Every night, you can hope to see a shooting star every 10 to 15 minutesby Cal Flyn / January 29, 2019 / Leave a comment
Published in March 2019 issue of Prospect Magazine
The new year came in through a hail of celestial fireworks: the Quarantids, a short but intense meteor shower seen each January as our planet passes through the remnants of an extinct comet. On a good night, one might see a hundred or more shooting stars an hour, as flecks of rock flash through the atmosphere, burning up as they go—streaks of gold and green and electric blue.
This January the UK was perfectly situated to see the display at its height. The starbursts peaked at 3am in dark winter skies lit only by the faint silver sliver of a new moon. I was in the Highlands, far from artificial light, and got up in the wee hours to watch. But my plans were stymied by a blanket of cloud that drew in overhead, opening only rarely to offer glimpses of the heavens as if through windows.
Towards the end of the month, I was setting my alarm again. This time I was, inescapably, in Edinburgh. But the sky was frostbitten bright as I went to bed, and I calculated I could watch the eclipse of the supermoon from the front window—which I did, albeit through the sodium haze of streetlights, which gave it a dingy, inexact quality: a pale stripe giving way to a flat beige glow. I soon went back to bed.
Such is the way. For me, scheduled stargazing rarely works out. For every cosmic phenomenon I’ve “spotted” (northern lights pulsing above a frozen lake; a blood moon seen through a gauze of mist from a city skyscraper) there have been two or three disappointments: planetary alignments smothered by smog, or comets swishing by unseen behind an ill-placed mountain.
My most memorable, most transportive stargazing moments have taken place unplanned when (forgive me) the stars have aligned of their own accord. Sometimes I have stumbled cluelessly outside at just the right moment. A formative teenage party in a field comes to mind, punctuated by pyrotechnics I now know to be the Perseids. And a solar eclipse seen unwittingly from a ridge in the Rocky Mountains, which turned the midday sky twilight (and scared the bejesus out of me and my partner).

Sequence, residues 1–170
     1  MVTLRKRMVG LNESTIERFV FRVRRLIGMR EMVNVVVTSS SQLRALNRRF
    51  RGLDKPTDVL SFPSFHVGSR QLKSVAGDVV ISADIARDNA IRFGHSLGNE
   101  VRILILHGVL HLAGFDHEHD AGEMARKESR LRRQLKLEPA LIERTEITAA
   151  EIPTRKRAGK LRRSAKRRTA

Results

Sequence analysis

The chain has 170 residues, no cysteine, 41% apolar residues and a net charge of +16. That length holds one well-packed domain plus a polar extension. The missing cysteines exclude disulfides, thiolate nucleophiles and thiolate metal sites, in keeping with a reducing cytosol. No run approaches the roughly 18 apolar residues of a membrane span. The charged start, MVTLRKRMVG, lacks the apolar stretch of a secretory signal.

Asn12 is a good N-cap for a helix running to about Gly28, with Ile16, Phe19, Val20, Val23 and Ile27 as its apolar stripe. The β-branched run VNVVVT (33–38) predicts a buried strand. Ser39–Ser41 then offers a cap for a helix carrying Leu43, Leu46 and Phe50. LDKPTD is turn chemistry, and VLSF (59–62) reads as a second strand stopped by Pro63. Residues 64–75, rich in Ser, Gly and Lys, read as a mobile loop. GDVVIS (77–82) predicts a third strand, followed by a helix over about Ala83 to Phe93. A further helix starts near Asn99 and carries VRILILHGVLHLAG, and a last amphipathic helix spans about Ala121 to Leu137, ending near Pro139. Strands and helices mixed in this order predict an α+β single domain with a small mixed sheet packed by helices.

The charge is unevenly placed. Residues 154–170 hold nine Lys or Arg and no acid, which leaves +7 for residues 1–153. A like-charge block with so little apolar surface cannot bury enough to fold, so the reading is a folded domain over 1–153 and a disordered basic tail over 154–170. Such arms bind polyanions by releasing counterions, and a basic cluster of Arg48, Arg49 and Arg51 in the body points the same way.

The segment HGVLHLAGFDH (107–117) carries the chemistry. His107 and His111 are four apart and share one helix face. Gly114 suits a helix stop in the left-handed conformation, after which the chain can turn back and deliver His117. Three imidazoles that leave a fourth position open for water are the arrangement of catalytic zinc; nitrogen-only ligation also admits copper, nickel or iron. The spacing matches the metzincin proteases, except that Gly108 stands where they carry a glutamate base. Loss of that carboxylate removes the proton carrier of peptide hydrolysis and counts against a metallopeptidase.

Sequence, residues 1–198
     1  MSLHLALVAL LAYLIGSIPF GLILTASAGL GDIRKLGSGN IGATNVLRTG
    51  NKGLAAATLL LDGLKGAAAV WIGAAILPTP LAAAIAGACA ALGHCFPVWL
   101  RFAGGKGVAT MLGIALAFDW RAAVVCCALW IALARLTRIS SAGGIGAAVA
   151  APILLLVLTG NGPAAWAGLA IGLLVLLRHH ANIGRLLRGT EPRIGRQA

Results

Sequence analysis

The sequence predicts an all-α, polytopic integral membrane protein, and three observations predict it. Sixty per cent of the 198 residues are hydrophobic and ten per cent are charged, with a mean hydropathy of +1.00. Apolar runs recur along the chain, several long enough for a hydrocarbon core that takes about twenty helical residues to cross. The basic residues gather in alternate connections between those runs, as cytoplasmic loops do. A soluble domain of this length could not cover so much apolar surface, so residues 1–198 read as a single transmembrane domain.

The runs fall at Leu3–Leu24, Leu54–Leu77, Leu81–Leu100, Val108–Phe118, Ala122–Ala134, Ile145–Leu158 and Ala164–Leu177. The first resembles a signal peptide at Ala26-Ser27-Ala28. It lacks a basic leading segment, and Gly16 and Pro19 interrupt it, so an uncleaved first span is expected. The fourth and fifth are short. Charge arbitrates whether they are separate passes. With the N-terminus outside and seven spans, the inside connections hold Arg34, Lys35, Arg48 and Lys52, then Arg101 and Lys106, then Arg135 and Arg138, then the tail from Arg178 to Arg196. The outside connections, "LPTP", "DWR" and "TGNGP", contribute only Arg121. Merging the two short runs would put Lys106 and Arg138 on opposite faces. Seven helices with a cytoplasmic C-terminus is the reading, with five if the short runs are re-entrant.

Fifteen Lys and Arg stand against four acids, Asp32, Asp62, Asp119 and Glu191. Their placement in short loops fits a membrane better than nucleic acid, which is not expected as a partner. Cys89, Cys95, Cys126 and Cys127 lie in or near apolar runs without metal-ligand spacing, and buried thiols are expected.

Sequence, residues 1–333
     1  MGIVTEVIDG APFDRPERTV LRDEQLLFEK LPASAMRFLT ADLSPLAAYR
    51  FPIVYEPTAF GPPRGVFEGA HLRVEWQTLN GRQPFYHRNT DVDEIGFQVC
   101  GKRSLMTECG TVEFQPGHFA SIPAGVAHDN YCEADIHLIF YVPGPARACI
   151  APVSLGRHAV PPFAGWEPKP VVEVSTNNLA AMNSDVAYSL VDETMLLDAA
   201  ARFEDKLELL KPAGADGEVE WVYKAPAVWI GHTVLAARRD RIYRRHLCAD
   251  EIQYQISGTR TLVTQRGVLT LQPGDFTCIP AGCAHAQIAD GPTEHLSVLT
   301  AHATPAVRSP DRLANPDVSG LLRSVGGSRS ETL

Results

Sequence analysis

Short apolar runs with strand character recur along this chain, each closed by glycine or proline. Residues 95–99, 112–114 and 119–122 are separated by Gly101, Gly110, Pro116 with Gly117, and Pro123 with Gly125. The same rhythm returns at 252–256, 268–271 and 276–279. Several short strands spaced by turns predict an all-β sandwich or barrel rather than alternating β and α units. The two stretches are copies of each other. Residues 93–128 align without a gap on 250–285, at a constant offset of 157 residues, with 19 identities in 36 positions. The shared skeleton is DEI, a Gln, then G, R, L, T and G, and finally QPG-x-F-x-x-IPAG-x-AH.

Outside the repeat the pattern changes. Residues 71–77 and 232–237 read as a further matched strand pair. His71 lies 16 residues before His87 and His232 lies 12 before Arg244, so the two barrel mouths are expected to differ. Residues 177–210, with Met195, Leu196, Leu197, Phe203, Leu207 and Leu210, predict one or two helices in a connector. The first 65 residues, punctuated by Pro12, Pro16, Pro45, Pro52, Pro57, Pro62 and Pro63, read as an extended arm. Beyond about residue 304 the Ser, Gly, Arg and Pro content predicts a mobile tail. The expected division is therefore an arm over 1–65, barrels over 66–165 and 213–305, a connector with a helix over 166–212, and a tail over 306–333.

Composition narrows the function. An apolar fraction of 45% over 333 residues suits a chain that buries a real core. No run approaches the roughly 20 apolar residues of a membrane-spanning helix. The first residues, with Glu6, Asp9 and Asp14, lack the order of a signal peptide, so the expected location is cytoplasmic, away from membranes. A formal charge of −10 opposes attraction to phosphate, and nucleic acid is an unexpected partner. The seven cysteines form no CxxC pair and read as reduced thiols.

Other times there was no particular astronomic spectacle to see—only a cloudless sky and the right frame of mind. Every night, overhead, there are a thousand run-of-the-mill marvels. Look up, and find the firmament aglitter with ametrine stars. The Milky Way billowing a trail through the sky. The smooth, unstoppable sweep of satellites—manmade but no less incredible to me.
With a telescope you’ll see far more: great swirling nebulae, like that at Orion’s sword; or the star cluster that hangs like a shining bauble from the loincloth of Hercules. But I prefer the low-tech approach—the naked eye, the open heart, an appreciation for beauty in all its forms, whether you can identify it by name or not.
Every night (even normal, non-meteor-shower nights), when you look to the sky you can hope to see a shooting star every 10 to 15 minutes. They are always there. We just rarely take the time to watch for them. It takes patience: at least 20 minutes until your eyes adjust. So, settle down somewhere dark this month, and see how many you can spot.